Dangerous animals such as venomous snakes and toothsome sharks are well represented in the first volume of Frederick McCoy's Prodromus of the Zoology of Victoria.
His zeal in describing potentially deadly animals was driven by the very practical consideration of improving the understanding and recognition of these creatures among his fellow colonists, but he was also keenly aware of the international audience for his publications. With one eye on his local reputation, McCoy's other was firmly fixed on London, where he hoped to make an impression upon his scientific peers at the centre of Empire.
It is no accident then that the first three plates of the Prodromus depicted deadly snakes likely to be encountered in the colony. The entries for the Red-bellied Black Snake, Copperhead and Tiger Snake are rich with details of their ferocity and toxicity. They include gruesome anecdotes about the death and near-death experiences of those foolish enough to handle them, all reported with a cool tone of scientific detachment.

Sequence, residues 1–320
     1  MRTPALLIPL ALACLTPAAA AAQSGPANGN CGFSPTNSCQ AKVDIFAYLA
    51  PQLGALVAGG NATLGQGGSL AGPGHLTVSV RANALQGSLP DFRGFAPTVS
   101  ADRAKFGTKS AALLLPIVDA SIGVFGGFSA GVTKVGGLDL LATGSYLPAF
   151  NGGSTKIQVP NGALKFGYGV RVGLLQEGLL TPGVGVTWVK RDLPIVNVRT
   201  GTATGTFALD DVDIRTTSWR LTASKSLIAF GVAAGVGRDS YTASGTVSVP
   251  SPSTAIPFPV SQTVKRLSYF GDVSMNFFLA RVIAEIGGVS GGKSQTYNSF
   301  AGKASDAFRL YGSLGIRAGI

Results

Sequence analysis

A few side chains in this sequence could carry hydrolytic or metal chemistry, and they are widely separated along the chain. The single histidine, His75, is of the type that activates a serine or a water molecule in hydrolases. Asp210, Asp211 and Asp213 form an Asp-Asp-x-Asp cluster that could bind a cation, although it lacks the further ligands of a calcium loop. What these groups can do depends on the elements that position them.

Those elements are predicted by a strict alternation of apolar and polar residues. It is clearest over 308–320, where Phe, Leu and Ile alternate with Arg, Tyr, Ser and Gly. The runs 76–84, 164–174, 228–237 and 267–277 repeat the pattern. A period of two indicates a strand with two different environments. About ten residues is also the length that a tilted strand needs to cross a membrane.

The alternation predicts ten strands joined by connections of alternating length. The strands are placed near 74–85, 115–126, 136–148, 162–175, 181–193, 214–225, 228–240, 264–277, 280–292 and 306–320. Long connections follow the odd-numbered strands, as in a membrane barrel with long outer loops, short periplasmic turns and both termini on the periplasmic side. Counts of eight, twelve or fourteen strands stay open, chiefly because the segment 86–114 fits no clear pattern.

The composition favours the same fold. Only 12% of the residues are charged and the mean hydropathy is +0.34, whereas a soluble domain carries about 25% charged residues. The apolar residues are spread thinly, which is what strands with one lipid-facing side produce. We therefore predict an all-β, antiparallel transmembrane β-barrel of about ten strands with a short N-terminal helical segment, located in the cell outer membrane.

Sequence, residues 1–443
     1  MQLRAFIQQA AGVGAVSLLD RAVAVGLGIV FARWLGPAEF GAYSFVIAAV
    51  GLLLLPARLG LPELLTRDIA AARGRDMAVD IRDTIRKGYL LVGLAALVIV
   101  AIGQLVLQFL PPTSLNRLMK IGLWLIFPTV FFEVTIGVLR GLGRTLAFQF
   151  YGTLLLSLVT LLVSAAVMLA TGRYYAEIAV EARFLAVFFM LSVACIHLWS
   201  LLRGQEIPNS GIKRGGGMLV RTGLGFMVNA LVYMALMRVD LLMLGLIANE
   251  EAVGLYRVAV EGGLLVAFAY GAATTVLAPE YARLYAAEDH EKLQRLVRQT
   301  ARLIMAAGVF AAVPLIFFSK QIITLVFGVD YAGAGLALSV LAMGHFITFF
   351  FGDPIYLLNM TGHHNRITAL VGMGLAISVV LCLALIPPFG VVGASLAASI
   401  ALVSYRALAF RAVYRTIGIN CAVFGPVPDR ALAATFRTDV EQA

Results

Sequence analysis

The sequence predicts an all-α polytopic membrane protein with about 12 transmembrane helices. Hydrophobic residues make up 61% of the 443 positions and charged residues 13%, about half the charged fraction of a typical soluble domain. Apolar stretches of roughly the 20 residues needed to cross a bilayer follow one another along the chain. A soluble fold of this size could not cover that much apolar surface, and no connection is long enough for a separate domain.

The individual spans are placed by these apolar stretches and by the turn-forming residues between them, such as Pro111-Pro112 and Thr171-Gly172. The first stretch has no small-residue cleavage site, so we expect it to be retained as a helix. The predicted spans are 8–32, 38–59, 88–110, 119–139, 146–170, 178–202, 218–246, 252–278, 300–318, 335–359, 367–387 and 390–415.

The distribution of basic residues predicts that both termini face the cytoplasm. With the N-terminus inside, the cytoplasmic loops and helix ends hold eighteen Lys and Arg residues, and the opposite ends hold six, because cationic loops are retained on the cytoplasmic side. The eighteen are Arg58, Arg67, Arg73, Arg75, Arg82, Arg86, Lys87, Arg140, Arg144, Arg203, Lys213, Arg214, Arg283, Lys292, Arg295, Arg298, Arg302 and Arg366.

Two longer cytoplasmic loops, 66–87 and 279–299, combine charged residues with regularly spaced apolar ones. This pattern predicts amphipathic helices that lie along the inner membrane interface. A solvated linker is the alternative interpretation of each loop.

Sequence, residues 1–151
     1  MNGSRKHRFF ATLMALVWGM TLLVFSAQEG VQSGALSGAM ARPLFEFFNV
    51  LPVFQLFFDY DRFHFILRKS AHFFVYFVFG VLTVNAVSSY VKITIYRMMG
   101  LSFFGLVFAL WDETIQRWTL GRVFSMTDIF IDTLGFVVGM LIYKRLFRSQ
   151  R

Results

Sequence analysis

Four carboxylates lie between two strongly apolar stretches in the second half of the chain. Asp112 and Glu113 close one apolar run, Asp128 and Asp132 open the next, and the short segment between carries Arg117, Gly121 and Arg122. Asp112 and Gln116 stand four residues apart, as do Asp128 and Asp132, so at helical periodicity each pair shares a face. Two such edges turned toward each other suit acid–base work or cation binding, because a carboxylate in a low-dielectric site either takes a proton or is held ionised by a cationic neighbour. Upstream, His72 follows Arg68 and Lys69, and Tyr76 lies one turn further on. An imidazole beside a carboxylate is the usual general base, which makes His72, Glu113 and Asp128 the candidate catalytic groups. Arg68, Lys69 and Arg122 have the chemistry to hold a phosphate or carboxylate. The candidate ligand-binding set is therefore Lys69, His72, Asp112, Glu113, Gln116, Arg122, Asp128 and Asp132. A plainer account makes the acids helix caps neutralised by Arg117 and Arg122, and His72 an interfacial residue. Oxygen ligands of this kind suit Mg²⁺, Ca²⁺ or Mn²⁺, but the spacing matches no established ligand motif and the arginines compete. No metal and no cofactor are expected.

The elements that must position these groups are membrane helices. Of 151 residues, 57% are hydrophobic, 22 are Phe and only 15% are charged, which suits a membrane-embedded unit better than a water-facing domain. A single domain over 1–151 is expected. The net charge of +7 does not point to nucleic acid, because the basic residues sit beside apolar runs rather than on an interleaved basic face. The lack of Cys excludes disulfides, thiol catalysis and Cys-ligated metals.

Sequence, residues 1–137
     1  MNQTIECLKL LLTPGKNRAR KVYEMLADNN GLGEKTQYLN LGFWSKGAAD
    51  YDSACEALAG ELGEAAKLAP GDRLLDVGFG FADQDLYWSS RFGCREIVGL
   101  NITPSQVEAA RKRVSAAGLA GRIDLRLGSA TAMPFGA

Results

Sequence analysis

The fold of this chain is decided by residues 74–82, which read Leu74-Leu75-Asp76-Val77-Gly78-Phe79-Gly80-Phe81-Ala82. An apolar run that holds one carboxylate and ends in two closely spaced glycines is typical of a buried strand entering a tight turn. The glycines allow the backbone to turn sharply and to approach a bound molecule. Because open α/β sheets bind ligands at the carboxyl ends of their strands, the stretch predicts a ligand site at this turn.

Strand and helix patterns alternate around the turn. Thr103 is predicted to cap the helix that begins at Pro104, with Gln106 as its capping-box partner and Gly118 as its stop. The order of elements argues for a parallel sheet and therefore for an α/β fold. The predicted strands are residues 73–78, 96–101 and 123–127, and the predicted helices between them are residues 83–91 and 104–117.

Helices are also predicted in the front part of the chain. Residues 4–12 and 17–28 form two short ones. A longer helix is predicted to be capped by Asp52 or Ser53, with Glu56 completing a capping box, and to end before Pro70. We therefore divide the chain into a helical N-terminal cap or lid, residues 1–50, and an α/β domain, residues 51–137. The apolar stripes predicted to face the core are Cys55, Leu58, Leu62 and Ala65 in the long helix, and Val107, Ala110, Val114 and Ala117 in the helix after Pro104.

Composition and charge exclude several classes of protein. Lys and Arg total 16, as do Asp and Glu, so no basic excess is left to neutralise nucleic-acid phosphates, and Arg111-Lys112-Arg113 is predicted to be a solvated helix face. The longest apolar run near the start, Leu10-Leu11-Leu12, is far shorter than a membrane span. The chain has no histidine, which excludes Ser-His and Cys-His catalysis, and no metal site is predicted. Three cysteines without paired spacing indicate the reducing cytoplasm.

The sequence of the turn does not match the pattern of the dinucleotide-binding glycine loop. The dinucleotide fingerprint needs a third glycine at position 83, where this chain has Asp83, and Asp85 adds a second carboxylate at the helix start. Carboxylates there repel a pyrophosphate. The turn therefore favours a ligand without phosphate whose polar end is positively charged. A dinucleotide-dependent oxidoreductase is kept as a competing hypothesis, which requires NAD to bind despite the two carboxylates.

The first narrative section in the Prodromus opened with this description of the Red-bellied Black Snake:
This is the most beautiful of all the Victorian snakes, and one of the most deadly in effects of its bite ... The only locality near Melbourne where it is not very uncommon is Studley Park, where in the bend of the Yarra the specimen here figured and some others I have seen were killed ...
Some fatal cases of snake-bite in man from this species are known, and a large-sized dog will usually die in an hour from the effects of its bite.